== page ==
Interior Decorating in London from the 1800s

By the 19th century, Great Britain had established itself as a world leader in style, fashion, the arts and architecture. The dominant fashion in London during a lot of this century was Victorian — named for Britain’s Queen Victoria, whose reign spanned from 1837 to 1901. Interior decorating throughout this time revealed strong influences from the Far East, in addition to influences from ancient civilizations and historical European designs. The Industrial Revolution and mass production made it feasible for more homes to show a look of opulence in this era, although by the end of the century, styles changed toward hand-crafted furnishings.

Influences of Victorian Style

One of the biggest influences on Victorian style came from the Medieval revival that began about 1830. The appearance was based on patterns and forms from the Middle Ages. Furniture mimicked Medieval architecture, featuring pointed arches and ornamental tracery or ornamental openwork patterns. It also featured elaborately painted scenes. French influences were also prevalent in Victorian fashion, as Rococo revival began to replace the Medieval appearance throughout the 1840s. Cabriole legs and oval backs on seats and sofas echoed the Louis XV styles of the previous century. It was not unusual in Victorian homes to locate an eclectic mix of artwork styles from room to room, like Medieval revival in the study, Rococo from the parlor and Renaissance from the dining area.

Embracing the Ancients

Archaeological discoveries in Greece, Italy and Egypt affected British artists and designers with architectural elements such as columns and pediments. Renaissance-inspired scrolling, ornamental forms, and classical or mythological figures surrounded by garlands and foliage were prevalent motifs on furnishings. Egyptian themes became popular on many kinds of decorative items. Sculptural friezes on ancient Greek and Roman architecture had been mimicked on wallpaper borders. Background replaced paint since the preferred appearance on walls, which were still typically divided into various sections — referred to as dado, infill and frieze, beginning at the skirting or baseboard and separated from the dado joinery rail and picture rail.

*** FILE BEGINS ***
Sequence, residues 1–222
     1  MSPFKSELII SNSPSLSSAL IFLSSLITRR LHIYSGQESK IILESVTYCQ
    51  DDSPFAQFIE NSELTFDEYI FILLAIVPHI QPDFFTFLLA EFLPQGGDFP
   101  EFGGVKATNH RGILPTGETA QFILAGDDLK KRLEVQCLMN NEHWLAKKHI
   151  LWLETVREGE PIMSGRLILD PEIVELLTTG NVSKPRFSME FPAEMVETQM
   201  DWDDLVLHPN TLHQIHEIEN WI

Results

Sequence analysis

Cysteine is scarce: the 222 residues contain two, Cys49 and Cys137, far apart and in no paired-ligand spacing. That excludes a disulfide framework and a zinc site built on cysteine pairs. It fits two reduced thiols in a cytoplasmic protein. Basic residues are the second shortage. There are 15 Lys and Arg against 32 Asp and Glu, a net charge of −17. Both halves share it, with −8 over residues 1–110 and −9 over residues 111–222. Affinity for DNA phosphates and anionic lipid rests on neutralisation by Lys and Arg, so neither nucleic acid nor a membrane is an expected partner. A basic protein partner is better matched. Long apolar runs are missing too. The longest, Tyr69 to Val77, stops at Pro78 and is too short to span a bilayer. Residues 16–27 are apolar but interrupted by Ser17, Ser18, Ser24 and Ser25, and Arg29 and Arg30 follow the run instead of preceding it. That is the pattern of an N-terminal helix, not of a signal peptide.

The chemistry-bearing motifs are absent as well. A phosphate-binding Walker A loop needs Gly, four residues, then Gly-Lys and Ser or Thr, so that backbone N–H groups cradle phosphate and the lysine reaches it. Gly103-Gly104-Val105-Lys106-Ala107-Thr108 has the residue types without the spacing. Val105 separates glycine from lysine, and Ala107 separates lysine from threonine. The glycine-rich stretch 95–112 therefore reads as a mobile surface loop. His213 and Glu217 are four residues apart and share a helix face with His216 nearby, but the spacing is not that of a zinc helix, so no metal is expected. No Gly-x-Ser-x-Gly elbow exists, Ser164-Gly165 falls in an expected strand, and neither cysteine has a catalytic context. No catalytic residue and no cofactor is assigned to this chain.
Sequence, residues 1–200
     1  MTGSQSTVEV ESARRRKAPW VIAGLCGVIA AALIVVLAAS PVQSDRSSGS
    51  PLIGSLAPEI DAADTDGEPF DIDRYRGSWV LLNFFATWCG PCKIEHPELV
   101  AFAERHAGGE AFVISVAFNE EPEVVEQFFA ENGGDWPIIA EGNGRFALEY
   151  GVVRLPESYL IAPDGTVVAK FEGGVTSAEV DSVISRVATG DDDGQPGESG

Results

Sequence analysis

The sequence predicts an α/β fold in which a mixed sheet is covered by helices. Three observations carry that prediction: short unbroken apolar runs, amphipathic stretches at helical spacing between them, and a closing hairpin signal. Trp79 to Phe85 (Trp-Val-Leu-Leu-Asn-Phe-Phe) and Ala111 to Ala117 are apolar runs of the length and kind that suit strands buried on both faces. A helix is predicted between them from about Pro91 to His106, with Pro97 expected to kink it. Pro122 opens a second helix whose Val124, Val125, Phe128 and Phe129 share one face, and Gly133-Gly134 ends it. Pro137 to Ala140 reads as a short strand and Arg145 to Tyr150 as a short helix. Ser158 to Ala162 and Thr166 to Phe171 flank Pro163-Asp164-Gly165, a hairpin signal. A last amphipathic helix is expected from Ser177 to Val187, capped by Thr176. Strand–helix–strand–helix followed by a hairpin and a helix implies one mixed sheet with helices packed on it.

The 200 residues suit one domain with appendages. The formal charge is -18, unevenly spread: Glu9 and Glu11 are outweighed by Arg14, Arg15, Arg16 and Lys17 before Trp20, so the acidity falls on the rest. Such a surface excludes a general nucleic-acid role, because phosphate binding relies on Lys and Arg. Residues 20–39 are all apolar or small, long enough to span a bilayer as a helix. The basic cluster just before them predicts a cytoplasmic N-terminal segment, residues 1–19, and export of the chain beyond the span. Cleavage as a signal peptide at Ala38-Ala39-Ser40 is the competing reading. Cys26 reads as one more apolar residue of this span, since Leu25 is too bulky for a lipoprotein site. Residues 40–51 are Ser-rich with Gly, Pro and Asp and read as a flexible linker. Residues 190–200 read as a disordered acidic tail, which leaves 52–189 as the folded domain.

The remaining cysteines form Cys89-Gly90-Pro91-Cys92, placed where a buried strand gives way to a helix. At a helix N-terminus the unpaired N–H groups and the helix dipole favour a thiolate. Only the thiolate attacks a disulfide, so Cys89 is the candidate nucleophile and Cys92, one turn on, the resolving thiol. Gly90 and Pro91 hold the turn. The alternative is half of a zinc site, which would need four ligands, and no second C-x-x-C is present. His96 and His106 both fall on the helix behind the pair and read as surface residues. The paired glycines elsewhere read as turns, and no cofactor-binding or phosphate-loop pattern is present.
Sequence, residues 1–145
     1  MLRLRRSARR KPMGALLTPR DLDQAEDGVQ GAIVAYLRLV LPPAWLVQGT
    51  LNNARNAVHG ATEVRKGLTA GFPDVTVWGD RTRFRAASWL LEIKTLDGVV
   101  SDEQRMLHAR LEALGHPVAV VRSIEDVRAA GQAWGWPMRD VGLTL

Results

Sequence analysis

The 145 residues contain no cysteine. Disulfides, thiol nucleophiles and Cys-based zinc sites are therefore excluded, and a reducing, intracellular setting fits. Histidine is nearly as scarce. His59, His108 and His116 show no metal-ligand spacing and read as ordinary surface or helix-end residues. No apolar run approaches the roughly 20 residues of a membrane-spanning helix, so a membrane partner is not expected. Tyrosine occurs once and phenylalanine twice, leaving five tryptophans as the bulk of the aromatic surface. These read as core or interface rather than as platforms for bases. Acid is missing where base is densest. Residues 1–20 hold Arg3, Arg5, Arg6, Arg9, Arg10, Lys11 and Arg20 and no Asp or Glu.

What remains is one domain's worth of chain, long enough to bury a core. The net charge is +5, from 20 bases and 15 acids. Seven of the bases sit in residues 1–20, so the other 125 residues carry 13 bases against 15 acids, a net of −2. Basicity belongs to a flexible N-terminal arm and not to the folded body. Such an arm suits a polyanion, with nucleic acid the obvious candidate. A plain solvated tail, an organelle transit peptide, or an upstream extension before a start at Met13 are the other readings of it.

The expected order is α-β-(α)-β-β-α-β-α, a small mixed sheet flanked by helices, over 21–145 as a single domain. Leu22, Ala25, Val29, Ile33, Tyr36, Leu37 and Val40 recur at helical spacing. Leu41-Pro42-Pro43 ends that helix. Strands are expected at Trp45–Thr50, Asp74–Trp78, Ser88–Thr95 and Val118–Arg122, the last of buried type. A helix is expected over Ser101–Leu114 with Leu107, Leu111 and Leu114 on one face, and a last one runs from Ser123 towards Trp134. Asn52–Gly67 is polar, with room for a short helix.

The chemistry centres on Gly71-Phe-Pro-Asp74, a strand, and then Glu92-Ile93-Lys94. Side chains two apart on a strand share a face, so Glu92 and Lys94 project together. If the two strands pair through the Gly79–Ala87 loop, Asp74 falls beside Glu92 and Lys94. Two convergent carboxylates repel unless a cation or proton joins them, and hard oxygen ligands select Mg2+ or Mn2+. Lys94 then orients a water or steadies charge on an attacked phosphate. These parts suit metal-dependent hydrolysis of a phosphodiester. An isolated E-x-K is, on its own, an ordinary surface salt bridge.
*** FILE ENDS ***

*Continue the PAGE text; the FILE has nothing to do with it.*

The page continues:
Influences In the East

London interiors during the 19th century represented strong influences from the Far East. Chinese blue-and-white garnish decorated dining tables and china cabinets. Popular motifs on British-made blue-and-white ceramics included topographical prints of India, willow patterns and Chinese scenes. Trade with Japan, beginning in the 1850s, brought about design influences like ebonizing furniture, or staining it shameful to resemble Japanese lacquer. Organic motifs, circular designs and geometric forms found in Japanese art became a powerful source of inspiration for British artists and designers. Hardwood Victorian floors were frequently covered with elaborate Oriental carpets.

Influential British Fans

By the end of the 1800s, London interiors were transitioning back to artisan workmanship using the Arts and Crafts movement. The movement was based on the ideas of John Ruskin and William Morris, advocates of traditional handicrafts and improved designs of average domestic objects. Even though William Morris preferred woven textile hangings in his own home, other wealthy London homes featured his pricey wallpapers inspired by organic motifs and trellis patterns. John Ruskin was a powerful art critic with a passion for medieval architecture. Ruskin’s writings had a profound influence on bringing Gothic design back into fashion. Sir Lawrence Alma-Tadema was a painter and designer admired for his realistic paintings of early Greek, Egyptian and Roman scenes and his design of Classical interiors based on ancient Greek and Roman architecture and culture. He decorated his London residence in Grecian-Roman style.